Sen. Lindsey Graham, R-S.C., gives a thumbs up after being re-elected, Tuesday, Nov. 4, 2014, in Columbia, S.C. (AP Photo/Rainier Ehrhardt)

South Carolina Sen. Lindsey Graham on Thursday announced the formal launch of an exploratory committee to consider a 2016 bid for the White House, adding another candidate to an already crowded field of potential GOP presidential candidates.

The committee, called "Security through Strength," has been described by Graham as a "testing-the-waters" committee to help explore the viability of his candidacy. Graham announced the formal creation of the committee on Fox News.

"I’m going to take a look at the presidential primary on the Republican side. We’ll have an organization up and running today," Graham told Fox News. "This organization will allow people to donate money and their time and resources to see if there is a pathway forward for me."

“The committee will fund the infrastructure and operations allowing Graham to travel the country, listen to Americans, and gauge support for a potential presidential candidacy,” reads a description on the organization’s website.

Graham has previously indicated his interested in a presidential run and announced several weeks ago that he intended to launch a formal committee. His most vocal backer has been Sen. John McCain (R-Ariz.), a close friend who has openly encouraged him to make a bid.

While not regarded as a top-tier candidate, Graham holds the potential to make some waves in the GOP field. A staunch military hawk and a sharp critic of President Obama's foreign policy, he would likely compete with the likes of New Jersey Gov. Chris Christie and Sen. Marco Rubio (Fla.) for voters who prioritize national security issues.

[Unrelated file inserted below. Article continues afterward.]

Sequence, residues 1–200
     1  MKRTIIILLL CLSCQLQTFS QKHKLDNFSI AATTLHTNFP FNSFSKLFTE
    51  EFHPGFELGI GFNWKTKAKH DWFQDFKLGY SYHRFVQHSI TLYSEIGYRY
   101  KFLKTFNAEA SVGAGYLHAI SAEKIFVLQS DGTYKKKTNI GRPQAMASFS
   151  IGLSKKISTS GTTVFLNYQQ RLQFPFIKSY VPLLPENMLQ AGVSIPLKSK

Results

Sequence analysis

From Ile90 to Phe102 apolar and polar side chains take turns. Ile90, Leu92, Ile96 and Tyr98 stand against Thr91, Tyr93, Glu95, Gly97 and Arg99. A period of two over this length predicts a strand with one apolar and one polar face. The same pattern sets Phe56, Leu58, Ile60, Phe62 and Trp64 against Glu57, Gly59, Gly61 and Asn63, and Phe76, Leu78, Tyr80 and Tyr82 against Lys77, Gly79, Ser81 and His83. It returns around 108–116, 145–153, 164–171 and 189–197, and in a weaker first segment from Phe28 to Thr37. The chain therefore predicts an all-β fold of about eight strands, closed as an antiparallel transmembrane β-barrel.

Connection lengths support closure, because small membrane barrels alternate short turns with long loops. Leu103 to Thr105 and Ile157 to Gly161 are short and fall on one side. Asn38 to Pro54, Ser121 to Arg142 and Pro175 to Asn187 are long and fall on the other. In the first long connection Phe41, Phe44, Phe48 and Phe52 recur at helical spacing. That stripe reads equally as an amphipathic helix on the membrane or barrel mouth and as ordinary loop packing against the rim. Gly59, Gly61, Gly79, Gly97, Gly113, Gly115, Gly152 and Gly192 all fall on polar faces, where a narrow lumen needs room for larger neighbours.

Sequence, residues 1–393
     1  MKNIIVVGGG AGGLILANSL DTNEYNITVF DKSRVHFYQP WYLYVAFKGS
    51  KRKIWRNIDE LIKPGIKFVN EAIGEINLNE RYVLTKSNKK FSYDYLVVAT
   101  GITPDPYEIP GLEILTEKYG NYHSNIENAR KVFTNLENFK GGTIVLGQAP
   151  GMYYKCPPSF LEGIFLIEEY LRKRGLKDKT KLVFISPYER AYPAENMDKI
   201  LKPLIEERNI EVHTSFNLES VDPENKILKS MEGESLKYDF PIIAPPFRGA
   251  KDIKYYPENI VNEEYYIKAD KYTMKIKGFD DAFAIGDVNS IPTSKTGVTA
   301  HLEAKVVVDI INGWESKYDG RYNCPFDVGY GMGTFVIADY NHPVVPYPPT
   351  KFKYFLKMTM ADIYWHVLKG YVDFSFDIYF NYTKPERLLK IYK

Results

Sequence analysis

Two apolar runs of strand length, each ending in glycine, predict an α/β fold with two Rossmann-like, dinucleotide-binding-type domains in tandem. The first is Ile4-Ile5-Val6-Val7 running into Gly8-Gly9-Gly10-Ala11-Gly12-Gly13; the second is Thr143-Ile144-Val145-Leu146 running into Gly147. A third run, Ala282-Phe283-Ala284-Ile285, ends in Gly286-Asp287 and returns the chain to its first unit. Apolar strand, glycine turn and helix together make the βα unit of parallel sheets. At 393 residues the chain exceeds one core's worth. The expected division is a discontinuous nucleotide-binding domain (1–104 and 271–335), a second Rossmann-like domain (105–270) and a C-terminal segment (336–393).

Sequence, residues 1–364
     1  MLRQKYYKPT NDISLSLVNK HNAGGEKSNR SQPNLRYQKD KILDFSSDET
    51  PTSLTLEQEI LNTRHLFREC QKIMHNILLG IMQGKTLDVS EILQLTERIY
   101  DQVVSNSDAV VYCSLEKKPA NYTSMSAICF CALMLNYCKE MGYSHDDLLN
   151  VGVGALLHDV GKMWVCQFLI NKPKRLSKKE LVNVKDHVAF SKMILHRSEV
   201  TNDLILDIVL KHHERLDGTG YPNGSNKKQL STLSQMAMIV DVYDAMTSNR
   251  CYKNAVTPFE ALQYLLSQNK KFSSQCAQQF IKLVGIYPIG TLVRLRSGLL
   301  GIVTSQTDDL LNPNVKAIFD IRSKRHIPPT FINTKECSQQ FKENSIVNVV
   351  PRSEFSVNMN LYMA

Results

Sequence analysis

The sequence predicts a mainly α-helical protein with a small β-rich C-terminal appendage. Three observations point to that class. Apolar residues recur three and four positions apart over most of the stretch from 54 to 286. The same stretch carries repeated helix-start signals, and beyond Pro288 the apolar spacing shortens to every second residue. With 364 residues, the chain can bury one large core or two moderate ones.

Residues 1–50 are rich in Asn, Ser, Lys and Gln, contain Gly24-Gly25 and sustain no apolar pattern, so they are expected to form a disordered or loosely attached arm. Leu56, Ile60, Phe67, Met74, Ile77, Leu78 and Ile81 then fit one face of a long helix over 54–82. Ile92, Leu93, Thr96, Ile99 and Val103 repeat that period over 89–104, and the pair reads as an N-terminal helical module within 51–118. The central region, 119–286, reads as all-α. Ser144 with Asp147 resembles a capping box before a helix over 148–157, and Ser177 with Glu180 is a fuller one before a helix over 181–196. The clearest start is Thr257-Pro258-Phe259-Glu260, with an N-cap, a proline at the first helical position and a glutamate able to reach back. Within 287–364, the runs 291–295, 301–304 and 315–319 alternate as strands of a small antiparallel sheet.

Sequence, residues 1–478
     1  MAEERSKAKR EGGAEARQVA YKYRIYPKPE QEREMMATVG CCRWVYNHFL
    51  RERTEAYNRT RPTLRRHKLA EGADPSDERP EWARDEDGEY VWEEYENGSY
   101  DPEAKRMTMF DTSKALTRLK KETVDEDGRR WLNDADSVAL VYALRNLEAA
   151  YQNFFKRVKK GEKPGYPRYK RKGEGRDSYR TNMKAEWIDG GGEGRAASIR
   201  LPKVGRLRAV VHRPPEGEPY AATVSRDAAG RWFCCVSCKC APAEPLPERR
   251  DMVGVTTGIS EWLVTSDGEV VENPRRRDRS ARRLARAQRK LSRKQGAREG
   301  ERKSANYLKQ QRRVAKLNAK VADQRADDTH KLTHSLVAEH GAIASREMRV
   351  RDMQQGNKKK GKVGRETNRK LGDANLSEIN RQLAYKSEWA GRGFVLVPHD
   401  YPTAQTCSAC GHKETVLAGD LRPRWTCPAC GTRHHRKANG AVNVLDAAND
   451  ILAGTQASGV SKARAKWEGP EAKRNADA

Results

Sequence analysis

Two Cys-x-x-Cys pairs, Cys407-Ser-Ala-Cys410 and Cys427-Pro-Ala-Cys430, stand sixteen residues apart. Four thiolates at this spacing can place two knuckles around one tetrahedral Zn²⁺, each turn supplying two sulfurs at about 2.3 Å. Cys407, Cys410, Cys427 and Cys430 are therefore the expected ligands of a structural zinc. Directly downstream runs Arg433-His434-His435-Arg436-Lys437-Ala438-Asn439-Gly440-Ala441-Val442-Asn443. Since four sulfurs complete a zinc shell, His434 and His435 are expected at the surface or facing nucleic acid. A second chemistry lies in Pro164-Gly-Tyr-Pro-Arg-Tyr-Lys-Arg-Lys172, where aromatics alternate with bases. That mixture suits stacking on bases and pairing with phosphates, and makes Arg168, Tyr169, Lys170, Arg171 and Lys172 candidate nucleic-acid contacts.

Graham's comments indicate that national security wll be the central pillar of his presidential bid.

"Ronald Reagan famously said his goal was to have peace through strength. In my view, you can never have peace with radical Islam. They want to destroy us and our way of life, so peaceful coexistence a non-starter from their point of you and, quite frankly, from my point of view, but you can have security," Graham said.

One potential vulnerability for Graham is his moderate stance on immigration. He was a part of a bipartisan group of senators that pushed a sweeping comprehensive reform measure in the last Congress. The bill passed the Senate but went nowhere in the House, as conservatives who opposed a path to citizenship for undocumented immigrants torpedoed it.

Graham has served in the Senate since 2003. Despite talk that he might face a serious primary over his moderate positions, he cruised to reelection in 2014.